SEARCH

SEARCH BY CITATION

Keywords:

  • congenital diaphragmatic hernia;
  • lung hypoplasia;
  • tracheal occlusion;
  • fetal surgery;
  • nitrofen rat

ABSTRACT

Objective

Prenatal tracheal occlusion (TO) promotes lung growth and is applied clinically in fetuses with severe congenital diaphragmatic hernia. Limited data are available regarding the effect of duration of TO on lung development. Our objective was to evaluate the effects of long (2 and 2.5 days) versus short (1 day) TO on lung development in rats with nitrofen-induced diaphragmatic hernia.

Method

Nitrofen was administered on embryonic day (ED) 9 and fetal TO performed either on ED18.5, 19 or 20 (term = 22 days). Sham-operated and untouched littermates served as controls. On ED21, lungs were harvested and only fetuses with a left-sided diaphragmatic defect were included in further analyses.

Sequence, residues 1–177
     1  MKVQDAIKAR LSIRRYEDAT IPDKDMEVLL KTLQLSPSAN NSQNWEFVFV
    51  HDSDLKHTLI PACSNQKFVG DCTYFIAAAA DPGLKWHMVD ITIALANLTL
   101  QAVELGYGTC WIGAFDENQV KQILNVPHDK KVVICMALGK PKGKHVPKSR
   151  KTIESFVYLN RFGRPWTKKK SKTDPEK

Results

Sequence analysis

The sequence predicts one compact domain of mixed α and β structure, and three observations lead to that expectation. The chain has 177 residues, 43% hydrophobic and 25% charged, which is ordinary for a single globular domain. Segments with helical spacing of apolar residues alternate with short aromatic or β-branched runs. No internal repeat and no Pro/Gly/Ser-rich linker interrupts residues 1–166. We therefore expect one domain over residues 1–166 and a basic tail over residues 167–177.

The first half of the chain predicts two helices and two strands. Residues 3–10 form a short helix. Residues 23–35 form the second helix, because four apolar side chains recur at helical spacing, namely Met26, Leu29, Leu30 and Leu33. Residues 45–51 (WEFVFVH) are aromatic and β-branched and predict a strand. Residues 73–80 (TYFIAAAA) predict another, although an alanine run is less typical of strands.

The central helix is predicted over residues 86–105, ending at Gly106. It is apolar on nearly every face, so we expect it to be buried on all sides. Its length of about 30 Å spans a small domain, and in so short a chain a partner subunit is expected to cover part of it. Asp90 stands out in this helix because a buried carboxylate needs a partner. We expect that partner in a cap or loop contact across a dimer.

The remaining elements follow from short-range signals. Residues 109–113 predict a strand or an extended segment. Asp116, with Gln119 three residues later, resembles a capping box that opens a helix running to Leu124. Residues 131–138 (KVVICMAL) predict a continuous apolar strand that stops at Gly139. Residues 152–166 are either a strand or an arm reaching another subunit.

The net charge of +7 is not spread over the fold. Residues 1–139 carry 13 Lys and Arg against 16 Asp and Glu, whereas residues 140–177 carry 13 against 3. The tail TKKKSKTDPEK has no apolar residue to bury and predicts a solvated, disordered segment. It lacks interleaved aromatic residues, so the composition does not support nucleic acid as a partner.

Results

Lung–body-weight ratio incrementally increased with the duration of TO. Increased proliferation following long TO was confirmed by immunohistochemistry and qRT-PCR for the proliferation marker Ki-67. Irrespective of duration, TO induced more complex airway architecture. Medial wall thickness of pulmonary arteries was thinner after long rather than short TO.

Conclusion

In the nitrofen rat model of congenital diaphragmatic hernia, a longer period of TO leads to enhanced lung growth and less muscularized pulmonary arteries. © 2011 John Wiley & Sons, Ltd.